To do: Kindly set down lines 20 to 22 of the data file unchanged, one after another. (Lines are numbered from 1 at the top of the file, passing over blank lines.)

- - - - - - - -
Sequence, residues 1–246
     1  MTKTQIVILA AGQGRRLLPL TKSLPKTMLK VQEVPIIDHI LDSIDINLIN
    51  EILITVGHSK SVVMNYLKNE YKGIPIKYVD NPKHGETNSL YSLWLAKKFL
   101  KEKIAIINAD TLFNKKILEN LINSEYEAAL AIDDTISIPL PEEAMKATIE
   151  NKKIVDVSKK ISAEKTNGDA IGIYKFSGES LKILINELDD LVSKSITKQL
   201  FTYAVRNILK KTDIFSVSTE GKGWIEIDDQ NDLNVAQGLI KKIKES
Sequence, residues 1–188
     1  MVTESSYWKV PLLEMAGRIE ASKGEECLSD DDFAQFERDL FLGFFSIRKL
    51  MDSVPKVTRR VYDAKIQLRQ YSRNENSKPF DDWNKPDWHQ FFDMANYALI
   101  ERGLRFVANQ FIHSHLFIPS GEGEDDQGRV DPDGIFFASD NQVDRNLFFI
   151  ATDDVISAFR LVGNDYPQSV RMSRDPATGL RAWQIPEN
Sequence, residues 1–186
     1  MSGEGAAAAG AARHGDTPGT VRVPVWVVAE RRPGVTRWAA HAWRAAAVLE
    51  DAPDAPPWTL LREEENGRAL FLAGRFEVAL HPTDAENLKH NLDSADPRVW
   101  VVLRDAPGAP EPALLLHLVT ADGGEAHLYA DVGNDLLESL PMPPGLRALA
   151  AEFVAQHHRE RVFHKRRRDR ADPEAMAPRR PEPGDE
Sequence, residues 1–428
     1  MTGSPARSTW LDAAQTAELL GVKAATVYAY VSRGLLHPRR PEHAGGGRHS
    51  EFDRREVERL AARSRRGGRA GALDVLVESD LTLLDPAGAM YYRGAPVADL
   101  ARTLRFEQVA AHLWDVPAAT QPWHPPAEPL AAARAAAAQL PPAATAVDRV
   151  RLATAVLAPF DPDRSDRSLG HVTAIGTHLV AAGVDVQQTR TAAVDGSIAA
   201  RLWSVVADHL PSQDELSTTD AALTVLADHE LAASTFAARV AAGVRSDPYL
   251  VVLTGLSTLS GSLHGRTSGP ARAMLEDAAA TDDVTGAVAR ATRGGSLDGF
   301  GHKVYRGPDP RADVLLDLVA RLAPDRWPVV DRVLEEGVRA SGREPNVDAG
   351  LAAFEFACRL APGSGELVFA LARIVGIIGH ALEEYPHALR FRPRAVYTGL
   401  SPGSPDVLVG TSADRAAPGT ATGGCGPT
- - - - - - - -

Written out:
   101  ARTLRFEQVA AHLWDVPAAT QPWHPPAEPL AAARAAAAQL PPAATAVDRV
   151  RLATAVLAPF DPDRSDRSLG HVTAIGTHLV AAGVDVQQTR TAAVDGSIAA
   201  RLWSVVADHL PSQDELSTTD AALTVLADHE LAASTFAARV AAGVRSDPYL